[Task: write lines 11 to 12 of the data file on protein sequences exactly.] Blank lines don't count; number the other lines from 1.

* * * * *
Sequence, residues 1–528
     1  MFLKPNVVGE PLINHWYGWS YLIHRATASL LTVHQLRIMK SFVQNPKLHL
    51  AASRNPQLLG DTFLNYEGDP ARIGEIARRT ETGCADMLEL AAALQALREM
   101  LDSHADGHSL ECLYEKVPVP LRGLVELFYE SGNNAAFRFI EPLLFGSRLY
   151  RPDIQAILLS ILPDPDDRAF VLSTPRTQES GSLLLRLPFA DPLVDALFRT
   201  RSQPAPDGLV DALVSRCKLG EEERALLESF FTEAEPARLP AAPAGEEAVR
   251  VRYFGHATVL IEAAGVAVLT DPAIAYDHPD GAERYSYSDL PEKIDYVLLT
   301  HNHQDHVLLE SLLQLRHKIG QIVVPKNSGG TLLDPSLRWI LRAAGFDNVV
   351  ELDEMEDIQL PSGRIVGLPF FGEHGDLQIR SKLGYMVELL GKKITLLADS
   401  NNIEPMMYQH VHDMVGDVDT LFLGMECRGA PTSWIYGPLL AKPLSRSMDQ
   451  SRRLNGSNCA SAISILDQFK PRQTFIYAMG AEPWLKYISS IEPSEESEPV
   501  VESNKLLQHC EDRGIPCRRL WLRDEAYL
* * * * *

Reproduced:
   451  SRRLNGSNCA SAISILDQFK PRQTFIYAMG AEPWLKYISS IEPSEESEPV
   501  VESNKLLQHC EDRGIPCRRL WLRDEAYL